“You know damn well that you don’t sell anything to anybody unless you know people will come back for more” – words from the movie that perhaps resonates the quality of this film, and yes, Margin Call’s boardroom drama is a seller. Inspired by the US financial and economic collapse of 2008, the film’s writer and director J.C Chandor gives us business uproar at its best as he captures a problematic moment in a large investment bank and puts the spotlight on the people who didn’t know what hit them until it was too late.
Margin Call boasts an ensemble cast of characters that included Kevin Spacey (21, American Beauty), Paul Bettany (The Da Vinci Code, Priest), Jeremy Irons (Die Hard: With A Vengeance), Demi Moore and Stanley Tucci, and all of them are in for a very long night. The movie kicks off with most of the firm’s risk department employees being sent home for good, including Eric Dale (Tucci), the boss of risk analysts Peter Sullivan (Zachary Quinto) and Seth Bregman (Penn Badgley), who was in the middle of working on “something big” when the doors closed in on him. He then passes on his work to Sullivan who completes it and later discovers that the firm faces a Goliath of a problem. And with that, the firm calls in the big players which turned the movie into an uptight “my boss talking to his boss, and then talks to their bosses whose bosses they should call” trend (yes, it’s a large company filled with bosses).
Okay, so let’s go to the interesting point of the movie. Margin Call illustrates the plight of companies and firms whereby lack of vigilance over minor details screws the major picture and eventually leads to an unfortunate “crash and burn” situation. Try imagining 100 people in a small boat in the middle of the ocean. Because they did not pay attention to the size of the boat and kept going for it, they are now facing a crisis – that is, either to cut off the population by getting rid of other people so the boat floats, or make everyone stay until the boat sinks with all of them. Margin Call puts us in a position to observe the reality that can hit corporate salesmen – an angry storm and the people who found no shelter against it. It’s the silence before the big drop, and with less than 108 minutes to show it, the drama was a success.
The best thing about Margin Call is that, given the complexity of the business crisis the firm had to face, J.C Chandor did us a favor by pointing the camera not on the paper-works or computer screens that technically project the problem, but on the awe-ridden faces and conversations of the characters where the audience can effectively see what the big deal was all about. That is to say, having to just listen and look at the characters to be able to relate to the movie is way better than to go through a lot of technical terms most of us don’t even understand.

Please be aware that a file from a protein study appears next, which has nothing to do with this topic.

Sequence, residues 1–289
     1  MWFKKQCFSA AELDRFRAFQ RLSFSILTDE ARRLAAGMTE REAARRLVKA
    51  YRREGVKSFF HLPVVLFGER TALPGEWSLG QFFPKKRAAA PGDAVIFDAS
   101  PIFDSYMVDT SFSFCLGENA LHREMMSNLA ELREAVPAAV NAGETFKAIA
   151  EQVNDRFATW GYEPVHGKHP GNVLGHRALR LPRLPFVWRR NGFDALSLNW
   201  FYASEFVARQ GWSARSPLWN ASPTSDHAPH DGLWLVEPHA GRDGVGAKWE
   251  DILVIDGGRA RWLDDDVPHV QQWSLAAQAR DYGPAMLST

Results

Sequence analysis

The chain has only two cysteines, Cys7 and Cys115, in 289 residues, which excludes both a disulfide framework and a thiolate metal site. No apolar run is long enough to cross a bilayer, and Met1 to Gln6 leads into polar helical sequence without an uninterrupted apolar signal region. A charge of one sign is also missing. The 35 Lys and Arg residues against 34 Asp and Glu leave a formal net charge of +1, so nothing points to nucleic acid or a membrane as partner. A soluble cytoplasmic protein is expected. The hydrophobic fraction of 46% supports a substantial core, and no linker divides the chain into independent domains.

J.C Chandor also knows that Margin Call didn’t have a great cast for nothing. Kevin Spacey may have stood above a little bit over the rest but the fact that the acting is something no one can joke about is another great feat of the film. It’s as if there were no actors, only real corporate folks trying to solve their dilemma with a movie camera recording it. The acting is exceptionally realistic. The great depth written all over this movie is a treat no one can ignore, that’s why it is, or should be, a big hit. Wall Street drama? Do it Chandor’s way – no effects, just solid and convincing facial expressions, engaging dialogues (good script), and the profanity for the word “fuck” (that’s right, it came a lot in this movie), which makes things a lot more realistic (let’s face it).
Being the great movie that it is, Margin Call gives us a front door view on how money makes the world go round for a western capitalist society and what money can do at the heart of the life of everyone working to earn it.